Whiteside v. US: This is yet another in the line of cases arising from the Fourth Circuit's sea change on how it views North Carolina's sentencing scheme in Simmons. Whiteside was classified as a career offender before Simmons based on a pair of North Carolina convictions. Within a year of Simmons being decided, but more than a year after his case had become "final," Whiteside filed a 2255 motion seeking to vacate his sentence. The district court dismissed the motion, concluding that it was untimely, that Whiteside had waived his right to file it due to a waiver in his plea agreement, and that, at any rate, he had no right to relief because his sentence was within the correct statutory range.
A deeply divided Fourth Circuit reversed. Judge Gregory, for the majority, first concluded that Whiteside had not waived his right to file the 2255 motion, noting that there was conflicting language in the agreement and, when construed against the Government, Whiteside's challenge to his career offender status was not waived.
Second, the court concluded that although Whiteside's motion was filed outside the usual one-year window, it was filed within one year of the decision in Simmons and equitable tolling applied because extraordinary circumstances (of which Whiteside had no control) prevented him from filing the motion earlier. Those circumstances, the court candidly acknowledges, included its own incorrect decisions about the North Carolina scheme before it reversed course in Simmons. Specifically, had Whiteside filed a 2255 motion within one year of his case becoming final, it would have been futile under then binding Fourth Circuit law. The court labelled the Government's argument that he should have filed one anyway as "having an air of absurdity about it."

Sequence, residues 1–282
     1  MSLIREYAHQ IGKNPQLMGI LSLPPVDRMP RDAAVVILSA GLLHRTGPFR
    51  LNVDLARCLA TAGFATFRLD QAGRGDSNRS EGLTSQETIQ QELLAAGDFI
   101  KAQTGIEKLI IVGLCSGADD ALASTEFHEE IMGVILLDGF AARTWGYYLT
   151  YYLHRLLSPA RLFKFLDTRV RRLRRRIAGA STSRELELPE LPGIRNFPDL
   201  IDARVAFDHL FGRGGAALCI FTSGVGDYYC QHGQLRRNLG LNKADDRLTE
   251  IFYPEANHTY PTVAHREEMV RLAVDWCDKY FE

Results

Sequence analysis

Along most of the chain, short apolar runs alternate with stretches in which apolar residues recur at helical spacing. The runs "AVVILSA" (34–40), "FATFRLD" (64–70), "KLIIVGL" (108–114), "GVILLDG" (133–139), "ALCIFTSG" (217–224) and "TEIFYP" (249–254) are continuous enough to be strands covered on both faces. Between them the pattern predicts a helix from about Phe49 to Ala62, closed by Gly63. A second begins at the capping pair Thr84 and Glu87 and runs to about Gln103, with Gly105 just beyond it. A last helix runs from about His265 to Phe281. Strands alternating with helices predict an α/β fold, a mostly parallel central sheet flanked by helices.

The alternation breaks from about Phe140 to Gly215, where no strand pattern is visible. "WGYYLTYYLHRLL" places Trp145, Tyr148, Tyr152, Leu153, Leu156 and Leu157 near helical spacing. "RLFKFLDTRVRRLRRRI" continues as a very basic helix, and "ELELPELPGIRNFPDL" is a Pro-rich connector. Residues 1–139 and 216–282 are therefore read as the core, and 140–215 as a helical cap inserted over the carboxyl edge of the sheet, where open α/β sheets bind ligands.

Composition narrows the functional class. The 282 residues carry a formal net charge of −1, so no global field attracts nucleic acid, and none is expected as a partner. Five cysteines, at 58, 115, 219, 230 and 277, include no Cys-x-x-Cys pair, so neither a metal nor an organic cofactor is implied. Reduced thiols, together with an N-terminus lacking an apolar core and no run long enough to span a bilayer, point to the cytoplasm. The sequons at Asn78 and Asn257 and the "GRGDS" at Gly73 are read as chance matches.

Finally, turning to the merits, the court concluded that Whiteside could challenge his sentence collaterally due to "an incorrect application of the career offender enhancement." It distinguished this from the "ordinary misapplication" of the Guidelines, which is not a "miscarriage of justice" and not subject to collateral attack. In response to the dissent, it points out that the "career offender enhancement is plainly not a run-of-the-mill guideline." In doing so, the court noted that other circuits have not reached the same conclusion, except for the Eleventh Circuit, in a panel decision that's already been vacated pending an en banc rehearing. Nonetheless, relying on recent Supreme Court decisions emphasizing the key role of the Guidelines in a post-Booker world, the court held that an erroneous career offender designation meets the high standard required for 2255 relief. It rejected the Government's argument that the sentence was "lawful" because it was within the applicable statutory range, aside from any Guideline issues. Whiteside's sentence was vacated and remanded for further proceedings.
Judge Wilkinson wrote a lengthy dissent, in which he argued that the court's decision was a "dramatic expansion of federal collateral review" that "makes a shambles of the retroactivity doctrines that have long safeguarded the basic finality of criminal convictions." He argued that Whiteside's sentence was not improper when it was applied and that no change in the law sense makes it the kind of violation (a due process violation, specifically) that is reviewable in a 2255 proceeding. He also argued that there was no miscarriage of justice in Whiteside's sentence, noting how divided the court was when Simmons itself was decided. To conclude otherwise was to "adopt a naively Whig history of law as an unbroken march toward progress and enlightenment." (To which the majority responds that the dissent is "rank with the fearful mistrust of individualized decision-making inherent to traditional conservatism."). He also argued that Whiteside's motion was untimely and that futility was not a valid reason for not filing a 2255 before Simmons was decided. Wilkinson concluded that "I view this decision as wholly wrong and deeply damaging to our criminal-justice system."
Senior Judge Davis concurred, noting that the majority opinion "fully responds to the dissent's overwrought and formalistic protestations that our judgment here presages an end to law as we know it." He called the dissent "hopelessly pleased with itself . . . as it prostrates itself at the altar of finality." He also took the dissent and the Government to task for putting control of whether such cases would be reviewed in the hands of the Department of Justice (which, the opinion shows, had frequently not invoked waivers in similar cases), rather than the courts.
Congrats to the Defender office in the Western District of NC on the win!
NOTE: On June 6, 2014, the Government filed a petition for rehearing en banc in this case. Rehearing was granted and, on December 19, 2014, the en banc court reversed and affirmed the denial of Whiteside's 2255 motion.